So why can’t we have permanent colours? Like I said before: allowing us a month to use that colour scheme when we’ve paid for it using real money specifically? No. Bad Gaijin. This won’t sell well and you’re throwing away one of the possible major incomes for this game as if it doesn’t matter to you. The pricing of the DLCs says otherwise. You care about your money, and yet you seem to be avoiding every possible way of getting more. You only added colouring when we nagged you about it incessantly. I know that if I was part of your graphics team I would have made you integrate this a long time ago.
At the time of writing, the current exchange rates are £0.65 British Pound Sterling to one (1) American Dollar, and €0.75 Euro to one (1) American Dollar. So, the price of your packs, respectively, should be:
- 1250+100 GS = $4.50, £2.94, €3.38
- 3000+300 GS = $10.50, £6.85, €7.89
- 6000+900 GS = $19.50, £12.74, €14.66
- 12500+2500 GS = $37.50, £24.46, €28.18
- 35000+7500 GS = $99.99, £65.19, €75.14
- Solider Of Fortune = $19.99, £13.04, €15.02
- Galaxy Explorer = $49.99, £32.59, €37.56
- Elite Pilot = $79.99, £52.18, €60.12
- Corsair = $19.99, £13.04, €15.02
- Jolly Roger = $49.99, £32.59, €37.56
- Dead Man’s Chest = $79.99, £52.18, €60.12
Now. Really, the Pirate and Mercenary Packs shouldn’t exist. I’ve already said why, but to recap: Micro-transactions are good when you can buy nothing else. DLCs? No. Have one or the other, but not both. It’s just generally a bad idea. You should be able to buy everything available to a player in-game. End of discussion.
Now, if you really want to fix these issues…
Then listen to my suggestions carefully.
- Add a recommendation system.
A lot of games do have a small system in place that essentially asks newcomers if they were recommended by another player, and rewards said player for doing so. It doesn’t have to be a large amount, something like 500 GS will do, but it really does help, and also resolves 2 things:
- All players have the potential to get any premium items. You’ll see why this is good in a moment.
- It persuades your current players to get their friends to play, which means more people potentially spending on your game.
AirMech has an ingenious version of system in place which gets players to recommend the game to their friends. When said friends get to a certain level, it awards the player x amount of diamonds, the paid currency of the game. Now, that’s a little add-on that you don’t necessarily have to implement, but it’s an idea.
- Allow consumers to earn currency in-game.
I know many of you on the marketing team would probably recoil in horror if you read this, but there’s actually no good business reason not to allow players the chance to earn paid currency when playing. Yes, it should be a long and arduous process but if players are willing to put in the time and effort to play your game nothing should be denied to them. There are five main reasons why you should allow players to earn gold standards:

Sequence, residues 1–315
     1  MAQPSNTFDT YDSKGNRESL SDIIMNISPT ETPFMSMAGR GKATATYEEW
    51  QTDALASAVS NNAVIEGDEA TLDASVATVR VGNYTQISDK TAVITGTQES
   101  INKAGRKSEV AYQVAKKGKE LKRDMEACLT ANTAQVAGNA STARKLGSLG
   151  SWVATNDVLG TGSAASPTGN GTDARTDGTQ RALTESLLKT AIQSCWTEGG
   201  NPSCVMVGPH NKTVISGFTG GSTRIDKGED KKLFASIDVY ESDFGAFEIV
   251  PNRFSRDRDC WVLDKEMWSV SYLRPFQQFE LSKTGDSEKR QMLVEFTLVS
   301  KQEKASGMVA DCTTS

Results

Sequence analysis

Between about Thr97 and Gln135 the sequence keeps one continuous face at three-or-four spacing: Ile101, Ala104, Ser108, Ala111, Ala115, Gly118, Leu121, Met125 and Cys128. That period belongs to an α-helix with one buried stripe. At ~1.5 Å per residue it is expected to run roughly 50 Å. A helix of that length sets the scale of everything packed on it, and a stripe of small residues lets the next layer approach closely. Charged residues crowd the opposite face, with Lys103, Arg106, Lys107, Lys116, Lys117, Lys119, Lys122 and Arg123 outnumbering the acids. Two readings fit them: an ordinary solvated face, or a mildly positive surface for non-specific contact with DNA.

- They’ll feel like the game is giving them a fair chance and it’s not going to make them pay for anything at any point and actually increases the likelihood of a player buying something. Yes, I’m staring at the synergy system as I write this. It’s designed to make you feel like you have to pay to advance any faster and forcing people to play ships they don’t want just says to me you guys have no idea how your players work.
- Using the in-game store at first seems very difficult for players, until they actually use it. Universally, games with the micro-transaction model report that as soon as someone uses the store once, they are extremely likely to use it again. Same with me for Dragonvale. It took me a long time to man up and actually buy some gems, but a few days later I went and got an even bigger pack of them. Same basic principle: as soon as someone buys GS, they’re very likely to buy another one which is probably going to be bigger than the first when they realise how valuable it actually is.
- If you balance the system correctly, many of your consumers will come to the conclusion that their time is way more valuable than their money. Gratz: you’ve converted some of your players into paying customers. Best thing about this? They will feel far more comfortable with forking out more cash. Either because they’ve spent too much to care or feel as if the game is actually saying ‘Thanks. Come again sometime.’ not ‘YOU WILL BUY STUFF!’
- If you don’t allow players to earn currency then you’re effectively excluding all who don’t have a credit card or just can’t afford it. Like those of us who don’t/can’t get a job. You’re cutting out the large chunk of your playerbase that are under 21. These younger players are also often the ones who make YouTube videos and put up wikis, and turning them away also removes the chance for you to get some publicity. If someone goes and starts making a nice chain of videos for people to watch online, BAM! You’ve just got free advertisement. Don’t throw away these chances.